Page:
A Philippines NGO project aimed to protect villages from typhoons: What went wrong?

A Philippines NGO project aimed to protect villages from typhoons: What went wrong?
  • Concepcion is a low-income fishing town in the central Philippines’ Iloilo province where Super Typhoon Haiyan, locally known as Yolanda, made its fifth landfall nearly a decade ago, destroying houses and fishing boats.
  • In 2015, the U.S.-based nonprofit Conservation International (CI) introduced so-called green-gray infrastructure to enhance the climate resilience of five Concepcion villages, employing a combination of nature-based and engineering solutions.
  • A little more than a year after the project ended, a Mongabay visit to Concepcion found most project components degraded or destroyed, leaving residents with little more protection than they had when Yolanda devastated their communities in 2013.
  • A CI official acknowledged the project’s challenges, expressing an organizational commitment to learn from the experience and attempt to secure new funding to sustain the initiative.

CONCEPCION, Philippines — The skies were overcast but intense heat from the sun permeated the salty air one June afternoon on Bagongon, a central Philippines island. As the tide receded, it revealed an eroding coastline dotted with outrigger fishing boats, their bows pointing inland toward a crumbling concrete pathway, houses with crumpled roofs and a village government hall all succumbing to the sea.

Lorene Gabayeron walked toward a seaward-growing patch of mangrove trees, under which he and other villagers had planted thousands of seedlings two years earlier. The fisherfolk leader’s brow furrowed as he gazed at the sparse collection of surviving seedlings. He touched their fragile stems and leaves, which swayed in sync with gusts of the southwest monsoon wind, while the relentless crash of seawater echoed in the background.

“Maybe the planting should be done in areas without disruptive waves,” the 53-year-old told Mongabay, “because when there are strong waves, after you plant the seedlings, by the time you wake up in the morning, they’re gone, uprooted.”

Such sheltered conditions don’t exist on Bagongon, part of Concepcion municipality in Iloilo province, about 450 kilometers (280 miles) southwest of Manila. This island lies along the country’s typhoon path, where storms made stronger and more frequent by climate change have become an unavoidable reality for its 500 households, most of whom are poor and rely on the sea for survival.

A fisher cleans his net in preparation for the following day’s fishing expedition off Bagongon Island in Iloilo province in the central Philippines. Image by Keith Anthony Fabro for Mongabay.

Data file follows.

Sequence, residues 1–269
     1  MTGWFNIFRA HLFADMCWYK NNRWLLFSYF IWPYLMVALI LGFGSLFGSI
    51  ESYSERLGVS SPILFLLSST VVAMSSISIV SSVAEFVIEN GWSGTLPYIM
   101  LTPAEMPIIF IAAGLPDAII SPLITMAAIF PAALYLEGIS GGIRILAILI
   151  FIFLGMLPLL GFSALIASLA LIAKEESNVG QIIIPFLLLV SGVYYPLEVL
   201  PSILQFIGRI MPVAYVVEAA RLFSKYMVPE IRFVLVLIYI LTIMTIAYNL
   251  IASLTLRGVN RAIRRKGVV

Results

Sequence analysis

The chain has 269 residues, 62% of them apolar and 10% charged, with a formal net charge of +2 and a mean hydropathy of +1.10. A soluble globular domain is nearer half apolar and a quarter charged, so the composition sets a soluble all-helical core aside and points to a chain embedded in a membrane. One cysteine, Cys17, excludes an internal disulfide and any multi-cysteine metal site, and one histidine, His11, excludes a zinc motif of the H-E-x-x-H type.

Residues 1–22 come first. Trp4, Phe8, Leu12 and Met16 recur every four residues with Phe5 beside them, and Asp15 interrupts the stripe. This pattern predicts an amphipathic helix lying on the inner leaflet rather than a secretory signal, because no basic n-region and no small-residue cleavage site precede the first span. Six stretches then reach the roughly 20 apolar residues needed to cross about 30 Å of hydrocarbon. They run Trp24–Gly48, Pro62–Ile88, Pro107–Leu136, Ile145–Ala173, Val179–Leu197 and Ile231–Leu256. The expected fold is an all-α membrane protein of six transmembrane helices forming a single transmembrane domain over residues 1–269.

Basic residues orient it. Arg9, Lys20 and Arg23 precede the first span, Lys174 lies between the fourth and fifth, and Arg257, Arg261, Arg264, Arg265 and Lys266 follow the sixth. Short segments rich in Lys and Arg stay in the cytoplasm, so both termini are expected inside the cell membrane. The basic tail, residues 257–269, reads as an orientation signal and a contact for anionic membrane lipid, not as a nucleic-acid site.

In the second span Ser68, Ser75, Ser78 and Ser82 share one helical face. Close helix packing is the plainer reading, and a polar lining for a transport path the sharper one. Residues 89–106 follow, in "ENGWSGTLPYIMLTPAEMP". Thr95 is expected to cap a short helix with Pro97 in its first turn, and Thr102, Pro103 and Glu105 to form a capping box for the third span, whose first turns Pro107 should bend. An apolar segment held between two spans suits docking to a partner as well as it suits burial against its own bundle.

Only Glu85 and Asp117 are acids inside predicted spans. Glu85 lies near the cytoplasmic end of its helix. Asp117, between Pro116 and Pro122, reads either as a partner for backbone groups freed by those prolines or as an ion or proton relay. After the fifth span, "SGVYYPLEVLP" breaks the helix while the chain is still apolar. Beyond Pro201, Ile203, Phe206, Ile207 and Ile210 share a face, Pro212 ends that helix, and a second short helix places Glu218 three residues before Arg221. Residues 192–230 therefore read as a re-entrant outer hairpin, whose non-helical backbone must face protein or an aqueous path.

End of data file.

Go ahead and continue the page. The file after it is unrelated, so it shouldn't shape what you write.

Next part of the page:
Like many other storm-battered island communities in this archipelagic nation of 115 million people, Bagongon must seek ways to cope and thrive. One is through the adoption of green-gray infrastructure (GGI), an approach that combines nature-based and engineering solutions, with help from the U.S.-based nonprofit Conservation International (CI).

Between November 2015 and June 2022, CI collaborated with local government and fisherfolk organizations to implement a 1.5 million-euro ($1.63 million) GGI project in Bagongon and four other coastal villages in Concepcion. The French Facility for Global Environment funded the project. With CI promoting the GGI approach as innovative and socially transformative, the project included planting mangrove seedlings, establishing marine protected areas, constructing breakwaters and bamboo wave-attenuation fences and providing alternative livelihoods and climate-impact awareness to enhance community resilience against typhoons.

But just 13 months after the project ended, Mongabay’s visit in June to four of the sites revealed that, apart from the breakwaters, all other components were degraded or destroyed. A CI official and the former employee in charge of the project acknowledged the problems and described the challenges leading to them in response to inquiries by Mongabay.

“It’s like nothing happened”

At noon on Nov. 8, 2013, Super Typhoon Yolanda (called Haiyan outside the Philippines) made its fifth landfall in Concepcion. When the most powerful storm ever recorded in Philippine history subsided, Bagongon lay in ruins, with shattered houses and boats, a debris-strewn coastline and a barren mountainscape. Gabayeron recalled the devastation of losing the home he and his wife shared. “It’s really sad, it’s really painful, as if you no longer want to keep going,” he said. Rebuilding took years.

In 2015, CI’s Philippines branch introduced the GGI project in Concepcion, enlisting the help of communities still recovering from Yolanda to build coastal defenses against future big storms. The first years were spent on community enterprise development, education and capacity building, leading residents to embrace mangroves for their role in nurturing marine life, absorbing carbon and protecting the land from wind and waves.

Between 2019 and 2021, the project hired local fishers to build the “gray” project components meters off the shore. In Bagongon, to protect the coast, they built two 75-meter- (446-foot-) long stone breakwaters, each standing 1.5 m (5 ft) tall, and eight wave-attenuation fences spanning a total of 1.15 km (0.7 mi). To promote landward sediment buildup, they built five sediment-trapping fences spanning a total of 895 m (2,900 ft). The mangrove seedlings would need at least 35 centimeters (14 inches) of sediment to take root.